FAIRTRADE was on the menu at Huddersfield University.
Every day throughout the national Fairtrade Fortnight the campus café is serving up some tasty ethical treats.
And yesterday, Mayor of Kirklees Clr Julie Stewart-Turner met students at the café to try out the day’s special – Moroccan couscous and lamb tagine.
Emily Rye, environment and sustainability co-ordinator at the university said: “Thestudents are becoming much more discerning and are becoming much more interested in where the food comes from that they are putting on their plates, and also what they are buying on campus.
“We’ve made a commitment to Fairtrade and as a university it is one of our ideals.
“We represent ourselves as an international university and we think it is important for our students to develop a global awareness.”
The university was awarded Fairtrade status last year and has teamed up with Green councillor Stewart-Turner and Kirklees Council to help achieve Fairtrade status for Huddersfield.
Emily said: “I think Fairtrade is something that’s very close to the mayor’s heart.
“When she first came into office last May we had just got our Fairtrade accreditation and she jumped at the chance to come and present our certificate to us.
“And that was when we first had discussions about Huddersfield becoming a Fairtrade town and how the university could help.”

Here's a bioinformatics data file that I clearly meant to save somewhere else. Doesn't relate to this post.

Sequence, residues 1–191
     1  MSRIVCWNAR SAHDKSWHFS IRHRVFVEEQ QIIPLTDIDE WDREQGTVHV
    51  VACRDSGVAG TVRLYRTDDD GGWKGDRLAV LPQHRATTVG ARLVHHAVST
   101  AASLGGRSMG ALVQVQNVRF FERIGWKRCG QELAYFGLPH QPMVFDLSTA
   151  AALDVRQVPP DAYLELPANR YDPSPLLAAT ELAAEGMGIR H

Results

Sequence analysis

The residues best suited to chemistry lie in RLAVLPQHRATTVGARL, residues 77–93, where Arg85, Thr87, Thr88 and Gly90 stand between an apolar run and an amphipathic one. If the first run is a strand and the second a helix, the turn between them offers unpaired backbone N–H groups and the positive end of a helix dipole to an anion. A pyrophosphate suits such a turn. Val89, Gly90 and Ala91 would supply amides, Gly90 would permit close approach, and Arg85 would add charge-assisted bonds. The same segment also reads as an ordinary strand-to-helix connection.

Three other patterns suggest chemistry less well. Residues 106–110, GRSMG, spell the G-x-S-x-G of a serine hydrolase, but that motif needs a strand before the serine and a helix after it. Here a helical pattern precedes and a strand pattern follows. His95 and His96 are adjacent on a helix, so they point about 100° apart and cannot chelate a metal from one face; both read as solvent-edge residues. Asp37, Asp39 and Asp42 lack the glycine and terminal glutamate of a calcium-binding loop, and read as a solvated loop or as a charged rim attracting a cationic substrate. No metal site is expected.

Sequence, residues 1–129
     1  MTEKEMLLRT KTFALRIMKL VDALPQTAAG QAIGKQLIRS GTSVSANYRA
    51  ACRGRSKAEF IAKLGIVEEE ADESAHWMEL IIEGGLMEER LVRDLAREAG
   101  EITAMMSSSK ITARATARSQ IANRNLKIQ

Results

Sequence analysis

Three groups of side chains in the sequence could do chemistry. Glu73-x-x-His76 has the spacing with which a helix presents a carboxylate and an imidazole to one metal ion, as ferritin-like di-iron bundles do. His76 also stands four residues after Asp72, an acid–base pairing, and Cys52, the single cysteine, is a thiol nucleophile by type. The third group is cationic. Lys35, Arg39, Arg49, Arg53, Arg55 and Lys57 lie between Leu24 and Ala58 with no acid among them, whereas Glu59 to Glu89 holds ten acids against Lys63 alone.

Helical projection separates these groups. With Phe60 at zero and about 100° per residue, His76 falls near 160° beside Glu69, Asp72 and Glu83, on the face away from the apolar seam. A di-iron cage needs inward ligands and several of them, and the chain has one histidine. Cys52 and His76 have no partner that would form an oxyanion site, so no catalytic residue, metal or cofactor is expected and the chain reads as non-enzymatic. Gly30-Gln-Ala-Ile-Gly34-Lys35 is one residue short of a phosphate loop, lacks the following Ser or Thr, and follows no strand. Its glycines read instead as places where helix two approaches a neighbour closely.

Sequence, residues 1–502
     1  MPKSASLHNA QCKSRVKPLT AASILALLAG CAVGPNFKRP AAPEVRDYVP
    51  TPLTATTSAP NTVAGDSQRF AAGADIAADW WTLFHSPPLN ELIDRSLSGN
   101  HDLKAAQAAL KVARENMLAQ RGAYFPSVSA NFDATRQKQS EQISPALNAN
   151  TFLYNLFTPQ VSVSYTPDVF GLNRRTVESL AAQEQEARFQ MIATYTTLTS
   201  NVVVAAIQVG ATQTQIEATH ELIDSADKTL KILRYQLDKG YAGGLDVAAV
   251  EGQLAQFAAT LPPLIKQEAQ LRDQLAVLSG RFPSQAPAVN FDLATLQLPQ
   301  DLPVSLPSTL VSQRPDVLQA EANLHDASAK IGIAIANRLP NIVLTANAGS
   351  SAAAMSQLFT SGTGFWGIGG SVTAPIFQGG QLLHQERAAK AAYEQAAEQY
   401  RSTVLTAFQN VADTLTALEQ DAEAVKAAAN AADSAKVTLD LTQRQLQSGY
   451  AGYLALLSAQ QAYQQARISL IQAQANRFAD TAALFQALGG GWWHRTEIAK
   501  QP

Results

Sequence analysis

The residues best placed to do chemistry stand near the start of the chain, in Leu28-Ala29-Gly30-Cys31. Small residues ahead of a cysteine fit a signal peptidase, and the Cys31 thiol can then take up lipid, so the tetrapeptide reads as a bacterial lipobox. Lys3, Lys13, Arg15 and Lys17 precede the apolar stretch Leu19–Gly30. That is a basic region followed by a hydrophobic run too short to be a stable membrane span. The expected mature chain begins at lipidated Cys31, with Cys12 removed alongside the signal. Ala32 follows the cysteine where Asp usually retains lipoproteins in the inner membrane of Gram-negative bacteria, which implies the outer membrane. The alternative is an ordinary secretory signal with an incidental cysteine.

To gain Fairtrade status for Huddersfield from The Fairtrade Foundation the council must show that they have successfully promoted Fairtrade by meeting a series of goals.
They are backing the Fairtrade Fortnight and The Big Swap campaign with a number of community events.
Yesterday local Fairtrade businesses set up stalls at the university including The Co-operative, Holmfirth Fair Traders’ Co-operative and Half Moon Health Foods.
Emily explained: “The mayor had a good look around and visited every stall and tried out the chocolates and confectionery.
“Chocolate is the second most popular Fairtrade product after coffee.
“The place had a good buzz and a lively atmosphere.
“It isn’t immediately obvious how Fairtrade and local food link together.
“But both are putting the farmer or producer at the heart of trade.”
Fairtrade is a growing international movement, tackling poverty in the developing world by ensuring that producers get a fair deal for their products.